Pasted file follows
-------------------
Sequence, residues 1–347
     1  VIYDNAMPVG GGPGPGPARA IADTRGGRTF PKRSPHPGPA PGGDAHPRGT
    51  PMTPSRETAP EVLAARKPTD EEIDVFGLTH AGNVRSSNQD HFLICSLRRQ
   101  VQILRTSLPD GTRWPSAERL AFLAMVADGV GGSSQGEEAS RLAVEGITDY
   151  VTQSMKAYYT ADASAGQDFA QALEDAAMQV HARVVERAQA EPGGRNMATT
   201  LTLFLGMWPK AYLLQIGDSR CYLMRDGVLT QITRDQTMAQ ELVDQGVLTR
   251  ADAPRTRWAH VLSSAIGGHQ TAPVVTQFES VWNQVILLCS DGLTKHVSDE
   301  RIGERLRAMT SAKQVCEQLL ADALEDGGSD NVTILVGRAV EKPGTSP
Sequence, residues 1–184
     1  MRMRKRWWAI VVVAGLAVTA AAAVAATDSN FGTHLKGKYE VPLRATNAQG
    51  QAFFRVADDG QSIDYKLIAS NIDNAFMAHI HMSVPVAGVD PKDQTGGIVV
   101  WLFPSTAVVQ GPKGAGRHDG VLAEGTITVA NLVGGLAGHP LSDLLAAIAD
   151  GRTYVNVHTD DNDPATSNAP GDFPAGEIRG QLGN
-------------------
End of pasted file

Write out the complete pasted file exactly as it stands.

Sequence, residues 1–347
     1  VIYDNAMPVG GGPGPGPARA IADTRGGRTF PKRSPHPGPA PGGDAHPRGT
    51  PMTPSRETAP EVLAARKPTD EEIDVFGLTH AGNVRSSNQD HFLICSLRRQ
   101  VQILRTSLPD GTRWPSAERL AFLAMVADGV GGSSQGEEAS RLAVEGITDY
   151  VTQSMKAYYT ADASAGQDFA QALEDAAMQV HARVVERAQA EPGGRNMATT
   201  LTLFLGMWPK AYLLQIGDSR CYLMRDGVLT QITRDQTMAQ ELVDQGVLTR
   251  ADAPRTRWAH VLSSAIGGHQ TAPVVTQFES VWNQVILLCS DGLTKHVSDE
   301  RIGERLRAMT SAKQVCEQLL ADALEDGGSD NVTILVGRAV EKPGTSP
Sequence, residues 1–184
     1  MRMRKRWWAI VVVAGLAVTA AAAVAATDSN FGTHLKGKYE VPLRATNAQG
    51  QAFFRVADDG QSIDYKLIAS NIDNAFMAHI HMSVPVAGVD PKDQTGGIVV
   101  WLFPSTAVVQ GPKGAGRHDG VLAEGTITVA NLVGGLAGHP LSDLLAAIAD
   151  GRTYVNVHTD DNDPATSNAP GDFPAGEIRG QLGN